What is myopia?

Myopia, or short-sightedness, is a condition that results in difficulty with seeing distant objects clearly. It is usually caused by the eye being slightly too long.

A person with myopia can see objects that are close clearly e.g. when reading a book or looking at a phone,  but words and objects that are far away will look blurry or fuzzy e.g. writing on a blackboard, text on television or road signs when driving.

Myopia is much more common in children, although some adult eyes do also develop it. The percentage of people who develop myopia is increasing sharply worldwide.

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How common is myopia? / How many people have myopia?

Research has shown that the prevalence of myopia in the western world has increased from 20% to 40% in the past 25 years. In many Asian countries the prevalence is as high as 90% and it is estimated that half the world’s population will be myopic by 2050.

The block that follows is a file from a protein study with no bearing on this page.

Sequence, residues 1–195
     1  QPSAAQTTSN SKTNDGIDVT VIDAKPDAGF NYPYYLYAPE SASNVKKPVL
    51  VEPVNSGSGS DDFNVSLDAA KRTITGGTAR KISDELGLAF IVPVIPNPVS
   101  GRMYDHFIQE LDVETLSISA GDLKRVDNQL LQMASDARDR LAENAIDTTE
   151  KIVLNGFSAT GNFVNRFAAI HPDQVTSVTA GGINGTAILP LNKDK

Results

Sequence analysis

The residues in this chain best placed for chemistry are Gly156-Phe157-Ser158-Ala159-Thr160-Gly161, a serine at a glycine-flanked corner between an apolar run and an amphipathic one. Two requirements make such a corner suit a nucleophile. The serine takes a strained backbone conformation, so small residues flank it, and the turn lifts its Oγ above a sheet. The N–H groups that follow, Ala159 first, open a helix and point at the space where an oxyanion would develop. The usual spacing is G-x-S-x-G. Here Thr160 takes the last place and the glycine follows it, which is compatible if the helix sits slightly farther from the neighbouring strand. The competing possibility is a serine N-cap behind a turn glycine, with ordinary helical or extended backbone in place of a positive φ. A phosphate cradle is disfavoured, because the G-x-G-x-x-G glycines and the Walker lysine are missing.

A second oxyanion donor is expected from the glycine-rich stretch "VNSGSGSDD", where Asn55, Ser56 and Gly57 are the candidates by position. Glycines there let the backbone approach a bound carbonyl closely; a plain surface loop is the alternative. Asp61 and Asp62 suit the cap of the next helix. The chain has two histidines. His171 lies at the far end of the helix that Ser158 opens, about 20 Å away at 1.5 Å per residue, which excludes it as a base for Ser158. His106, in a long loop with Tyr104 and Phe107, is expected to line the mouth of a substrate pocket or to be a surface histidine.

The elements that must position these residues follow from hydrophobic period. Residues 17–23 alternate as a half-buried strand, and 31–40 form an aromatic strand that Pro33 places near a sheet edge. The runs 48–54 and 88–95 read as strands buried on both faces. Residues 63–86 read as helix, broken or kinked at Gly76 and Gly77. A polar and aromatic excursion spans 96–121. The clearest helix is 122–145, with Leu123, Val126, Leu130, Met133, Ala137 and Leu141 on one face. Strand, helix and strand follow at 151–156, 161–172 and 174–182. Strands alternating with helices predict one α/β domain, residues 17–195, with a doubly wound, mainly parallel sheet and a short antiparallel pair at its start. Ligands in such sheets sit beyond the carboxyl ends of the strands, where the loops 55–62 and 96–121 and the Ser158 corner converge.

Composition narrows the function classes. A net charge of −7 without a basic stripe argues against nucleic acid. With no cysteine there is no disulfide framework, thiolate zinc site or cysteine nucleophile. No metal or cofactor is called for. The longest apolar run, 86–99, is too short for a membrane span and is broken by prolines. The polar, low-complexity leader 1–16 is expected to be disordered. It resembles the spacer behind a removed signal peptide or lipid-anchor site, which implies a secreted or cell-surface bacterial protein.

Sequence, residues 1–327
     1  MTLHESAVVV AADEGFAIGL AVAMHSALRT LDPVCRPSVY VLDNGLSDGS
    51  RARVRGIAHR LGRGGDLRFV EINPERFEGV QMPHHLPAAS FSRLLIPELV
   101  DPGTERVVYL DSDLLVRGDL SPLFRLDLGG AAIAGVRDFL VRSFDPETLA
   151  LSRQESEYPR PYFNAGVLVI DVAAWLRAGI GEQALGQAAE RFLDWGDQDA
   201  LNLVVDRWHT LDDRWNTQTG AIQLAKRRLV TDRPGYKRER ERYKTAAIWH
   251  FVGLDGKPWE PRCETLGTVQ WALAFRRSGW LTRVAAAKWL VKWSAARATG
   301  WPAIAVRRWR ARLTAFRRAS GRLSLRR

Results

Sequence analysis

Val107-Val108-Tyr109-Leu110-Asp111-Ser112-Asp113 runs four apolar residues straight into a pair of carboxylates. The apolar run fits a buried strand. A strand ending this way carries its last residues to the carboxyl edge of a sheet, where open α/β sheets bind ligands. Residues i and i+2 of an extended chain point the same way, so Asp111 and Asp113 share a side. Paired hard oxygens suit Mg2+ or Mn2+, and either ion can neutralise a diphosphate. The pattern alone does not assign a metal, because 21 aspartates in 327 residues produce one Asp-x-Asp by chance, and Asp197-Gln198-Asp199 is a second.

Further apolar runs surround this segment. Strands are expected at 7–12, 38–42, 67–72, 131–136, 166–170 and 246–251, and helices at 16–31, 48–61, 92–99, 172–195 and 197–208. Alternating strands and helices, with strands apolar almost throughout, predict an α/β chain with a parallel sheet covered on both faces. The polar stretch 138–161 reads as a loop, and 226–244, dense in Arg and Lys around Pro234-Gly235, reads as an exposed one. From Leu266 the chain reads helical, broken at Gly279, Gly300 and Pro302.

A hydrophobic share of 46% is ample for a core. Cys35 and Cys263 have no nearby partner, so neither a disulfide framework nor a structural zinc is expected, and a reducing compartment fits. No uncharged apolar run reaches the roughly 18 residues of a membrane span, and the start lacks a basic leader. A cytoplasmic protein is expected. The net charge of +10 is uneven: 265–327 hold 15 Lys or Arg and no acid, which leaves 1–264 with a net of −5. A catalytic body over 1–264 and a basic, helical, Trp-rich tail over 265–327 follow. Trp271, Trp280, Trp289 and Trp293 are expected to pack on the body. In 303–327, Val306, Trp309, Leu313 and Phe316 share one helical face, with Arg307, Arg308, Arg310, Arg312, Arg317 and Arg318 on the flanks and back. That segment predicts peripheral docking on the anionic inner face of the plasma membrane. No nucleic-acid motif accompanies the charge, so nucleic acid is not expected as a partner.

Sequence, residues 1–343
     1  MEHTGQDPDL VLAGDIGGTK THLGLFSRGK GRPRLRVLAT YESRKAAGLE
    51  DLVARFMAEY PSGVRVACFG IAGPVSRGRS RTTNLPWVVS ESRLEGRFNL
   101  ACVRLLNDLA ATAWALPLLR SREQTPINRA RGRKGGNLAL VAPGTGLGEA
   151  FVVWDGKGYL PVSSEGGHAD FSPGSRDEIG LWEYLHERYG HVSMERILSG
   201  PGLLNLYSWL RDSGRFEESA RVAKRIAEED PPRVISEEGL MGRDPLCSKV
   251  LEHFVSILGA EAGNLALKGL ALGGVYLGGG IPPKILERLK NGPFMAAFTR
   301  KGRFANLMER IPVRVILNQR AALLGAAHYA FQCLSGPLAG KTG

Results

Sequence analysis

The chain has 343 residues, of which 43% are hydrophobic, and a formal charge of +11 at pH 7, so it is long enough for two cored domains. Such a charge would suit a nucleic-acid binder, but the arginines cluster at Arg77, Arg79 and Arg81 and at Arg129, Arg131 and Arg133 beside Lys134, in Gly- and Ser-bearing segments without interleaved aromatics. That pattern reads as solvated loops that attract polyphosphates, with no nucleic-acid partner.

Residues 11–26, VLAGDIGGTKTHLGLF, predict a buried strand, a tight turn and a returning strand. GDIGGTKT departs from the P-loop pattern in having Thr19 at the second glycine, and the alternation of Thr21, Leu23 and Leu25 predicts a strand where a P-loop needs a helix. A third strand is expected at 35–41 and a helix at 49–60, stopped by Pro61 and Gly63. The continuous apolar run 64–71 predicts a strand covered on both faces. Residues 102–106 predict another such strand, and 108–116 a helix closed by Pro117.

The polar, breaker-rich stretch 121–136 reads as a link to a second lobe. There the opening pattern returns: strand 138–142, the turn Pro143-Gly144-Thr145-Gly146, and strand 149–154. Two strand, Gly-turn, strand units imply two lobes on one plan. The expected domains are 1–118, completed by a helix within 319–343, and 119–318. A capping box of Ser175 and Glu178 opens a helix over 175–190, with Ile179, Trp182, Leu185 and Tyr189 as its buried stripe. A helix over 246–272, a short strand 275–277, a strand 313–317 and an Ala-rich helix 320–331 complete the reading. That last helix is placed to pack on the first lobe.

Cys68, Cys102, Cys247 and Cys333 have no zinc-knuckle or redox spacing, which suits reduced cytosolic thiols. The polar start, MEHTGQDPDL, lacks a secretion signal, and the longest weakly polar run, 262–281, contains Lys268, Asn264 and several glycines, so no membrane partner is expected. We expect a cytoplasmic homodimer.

Myopia is one of the conditions identified by the WHO (World Health Organisation) as a potential cause of blindness, and already affects over a billion people around the world and this number is rapidly increasing.

Why does it occur?

Myopia is usually caused by the eye being slightly too long. In younger children, myopia progresses more quickly because their eyes are growing at a faster rate, leading to higher levels of myopia, stronger glasses and increased risks of poor eye health.

Adult onset myopia usually occurs as an adaptation to fatigued eye focusing muscles due to a significant increase in close work, such as studying, reading or using digital devices.